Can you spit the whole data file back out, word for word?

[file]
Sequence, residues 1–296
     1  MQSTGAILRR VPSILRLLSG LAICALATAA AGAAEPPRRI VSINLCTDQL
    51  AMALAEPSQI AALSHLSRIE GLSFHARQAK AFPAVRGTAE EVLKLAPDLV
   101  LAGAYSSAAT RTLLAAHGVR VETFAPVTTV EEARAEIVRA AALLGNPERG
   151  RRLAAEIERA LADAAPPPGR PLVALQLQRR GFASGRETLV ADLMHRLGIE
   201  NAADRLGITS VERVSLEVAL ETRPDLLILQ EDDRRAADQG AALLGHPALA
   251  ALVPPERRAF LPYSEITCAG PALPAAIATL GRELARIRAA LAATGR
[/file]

Sequence, residues 1–296
     1  MQSTGAILRR VPSILRLLSG LAICALATAA AGAAEPPRRI VSINLCTDQL
    51  AMALAEPSQI AALSHLSRIE GLSFHARQAK AFPAVRGTAE EVLKLAPDLV
   101  LAGAYSSAAT RTLLAAHGVR VETFAPVTTV EEARAEIVRA AALLGNPERG
   151  RRLAAEIERA LADAAPPPGR PLVALQLQRR GFASGRETLV ADLMHRLGIE
   201  NAADRLGITS VERVSLEVAL ETRPDLLILQ EDDRRAADQG AALLGHPALA
   251  ALVPPERRAF LPYSEITCAG PALPAAIATL GRELARIRAA LAATGR